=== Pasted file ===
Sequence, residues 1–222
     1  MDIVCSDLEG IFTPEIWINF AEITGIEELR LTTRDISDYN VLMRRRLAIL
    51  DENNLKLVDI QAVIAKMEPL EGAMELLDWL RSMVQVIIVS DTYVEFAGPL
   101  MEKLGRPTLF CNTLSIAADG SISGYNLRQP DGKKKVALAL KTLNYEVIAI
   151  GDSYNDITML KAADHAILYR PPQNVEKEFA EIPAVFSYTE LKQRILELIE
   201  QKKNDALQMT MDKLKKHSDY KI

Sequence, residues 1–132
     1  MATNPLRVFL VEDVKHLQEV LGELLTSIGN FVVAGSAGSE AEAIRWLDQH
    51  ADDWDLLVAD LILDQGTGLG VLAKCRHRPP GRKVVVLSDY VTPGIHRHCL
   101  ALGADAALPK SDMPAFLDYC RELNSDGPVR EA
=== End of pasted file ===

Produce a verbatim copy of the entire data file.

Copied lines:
Sequence, residues 1–222
     1  MDIVCSDLEG IFTPEIWINF AEITGIEELR LTTRDISDYN VLMRRRLAIL
    51  DENNLKLVDI QAVIAKMEPL EGAMELLDWL RSMVQVIIVS DTYVEFAGPL
   101  MEKLGRPTLF CNTLSIAADG SISGYNLRQP DGKKKVALAL KTLNYEVIAI
   151  GDSYNDITML KAADHAILYR PPQNVEKEFA EIPAVFSYTE LKQRILELIE
   201  QKKNDALQMT MDKLKKHSDY KI

Sequence, residues 1–132
     1  MATNPLRVFL VEDVKHLQEV LGELLTSIGN FVVAGSAGSE AEAIRWLDQH
    51  ADDWDLLVAD LILDQGTGLG VLAKCRHRPP GRKVVVLSDY VTPGIHRHCL
   101  ALGADAALPK SDMPAFLDYC RELNSDGPVR EA